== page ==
Psalm 9

psalm 9

God’s Power and Justice

To the choirmaster: according to Muth-labben. A Psalm of David.

If we would praise God acceptably, we must praise him in sincerity, with our whole heart. When we give thanks for some one particular mercy, we should remember former mercies. Our joy must not be in the gift, so much as in the Giver. The triumphs of the Redeemer ought to be the triumphs of the redeemed. The almighty power of God is that which the strongest and stoutest of his enemies are no way able to stand before. We are sure that the judgment of God is according to truth, and that with him there is no unrighteousness. His people may, by faith, flee to him as their Refuge, and may depend on his power and promise for their safety, so that no real hurt shall be done to them. Those who know him to be a God of truth and faithfulness, will rejoice in his word of promise, and rest upon that. Those who know him to be an everlasting Father, will trust him with their souls as their main care, and trust in him at all times, even to the end; and by constant care seek to approve themselves to him in the whole course of their lives. Who is there that would not seek him, who never hath forsaken those that seek Him?  (Matthew Henry’s Bible Commentary, Psalm 9:1-10)

I will give thanks to the Lord with my whole heart;
I will tell of all thy wonderful deeds.
I will be glad and exult in thee,
I will sing praise to thy name, O Most High.

Although each phrase begins with “I” each points away from self and towards God.  Yes, “I” exist, but my chief end is to “glorify God and to enjoy Him forever.”

When my enemies turned back,
they stumbled and perished before thee.
For thou hast maintained my just cause;
thou hast sat on the throne giving righteous judgment.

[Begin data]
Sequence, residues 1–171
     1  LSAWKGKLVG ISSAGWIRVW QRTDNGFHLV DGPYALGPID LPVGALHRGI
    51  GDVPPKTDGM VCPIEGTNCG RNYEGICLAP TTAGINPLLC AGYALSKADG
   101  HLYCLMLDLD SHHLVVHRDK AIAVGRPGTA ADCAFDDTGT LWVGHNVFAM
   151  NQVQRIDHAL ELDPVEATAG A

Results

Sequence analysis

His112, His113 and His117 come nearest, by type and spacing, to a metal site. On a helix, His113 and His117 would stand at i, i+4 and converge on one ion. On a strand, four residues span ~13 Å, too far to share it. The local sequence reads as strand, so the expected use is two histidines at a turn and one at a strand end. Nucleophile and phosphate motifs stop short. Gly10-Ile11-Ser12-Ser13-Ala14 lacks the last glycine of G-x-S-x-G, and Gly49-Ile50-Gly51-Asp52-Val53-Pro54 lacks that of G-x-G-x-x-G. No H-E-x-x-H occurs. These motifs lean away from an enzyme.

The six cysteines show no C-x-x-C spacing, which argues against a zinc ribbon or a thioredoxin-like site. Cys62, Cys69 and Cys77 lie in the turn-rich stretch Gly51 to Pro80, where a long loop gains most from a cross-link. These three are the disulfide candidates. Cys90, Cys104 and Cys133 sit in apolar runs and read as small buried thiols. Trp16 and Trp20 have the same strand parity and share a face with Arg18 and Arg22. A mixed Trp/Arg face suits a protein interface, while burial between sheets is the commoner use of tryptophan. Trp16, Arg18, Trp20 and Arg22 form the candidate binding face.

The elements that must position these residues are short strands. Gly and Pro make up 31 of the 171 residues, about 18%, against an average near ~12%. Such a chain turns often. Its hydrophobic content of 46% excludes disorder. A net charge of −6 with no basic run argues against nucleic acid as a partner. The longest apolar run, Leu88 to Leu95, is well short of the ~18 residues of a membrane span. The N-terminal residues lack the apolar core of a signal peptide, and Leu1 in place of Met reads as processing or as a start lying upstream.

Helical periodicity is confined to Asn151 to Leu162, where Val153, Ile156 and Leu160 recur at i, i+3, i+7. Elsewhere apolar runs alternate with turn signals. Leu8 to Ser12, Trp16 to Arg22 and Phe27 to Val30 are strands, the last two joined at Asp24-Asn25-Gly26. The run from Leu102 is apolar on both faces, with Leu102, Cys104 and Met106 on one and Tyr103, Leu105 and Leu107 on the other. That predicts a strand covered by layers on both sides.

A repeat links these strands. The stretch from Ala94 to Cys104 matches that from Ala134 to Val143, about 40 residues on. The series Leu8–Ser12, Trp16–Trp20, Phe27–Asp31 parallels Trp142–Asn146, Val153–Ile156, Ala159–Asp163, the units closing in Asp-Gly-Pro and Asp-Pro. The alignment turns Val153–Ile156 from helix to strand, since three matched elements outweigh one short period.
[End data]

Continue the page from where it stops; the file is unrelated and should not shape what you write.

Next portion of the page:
Thou hast rebuked the nations, thou hast destroyed the wicked;
thou hast blotted out their name for ever and ever.
The enemy have vanished in everlasting ruins;
their cities thou hast rooted out;
the very memory of them has perished.

These verses create discomfort to the post-modern reader (i.e., us).  This is because those spoken of we today most naturally understand to be victims.  And “victims” by definition occupy the highest positions of moral authority.  Thus when the Psalmist speaks of their complete destruction our natural response is to take offense.

To begin, when the Nation of Israel entered the Promised Land they did indeed fight and in some cases utterly destroy the people already living there.  However note that the Psalmist understands this consequence to be an act of God carried out by the people of Israel.  Deuteronomy 9:5 (NIV) provides essential information for our understanding.

It is not because of your righteousness or your integrity that you are going in to take possession of their land; but on account of the wickedness of these nations, the Lord your God will drive them out before you, to accomplish what he swore to your fathers, to Abraham, Isaac and Jacob.

Even so, the thought of so extreme a judgement causes great distress.  Our conception of God has become so dominated by the truth that “God is love” that the truth of “God is our judge” has been almost obliterated in many Christian minds.  And yet, when Adam and Eve fell it was God’s judgement that (Genesis 3:19, NIV):

“By the sweat of your brow
you will eat your food
until you return to the ground,
since from it you were taken;
for dust you are
and to dust you will return.”

Thus by God’s judgement we all will die in recompense for our sin.  No-one is outside of this judgement, although as individuals and communities we meet this end in various and sundry ways according to God’s providential purposes.  In this case it was God’s purpose to transfer the Promised Land to the people of Israel and to prevent the wickedness of the peoples already living there to influence God’s chosen people.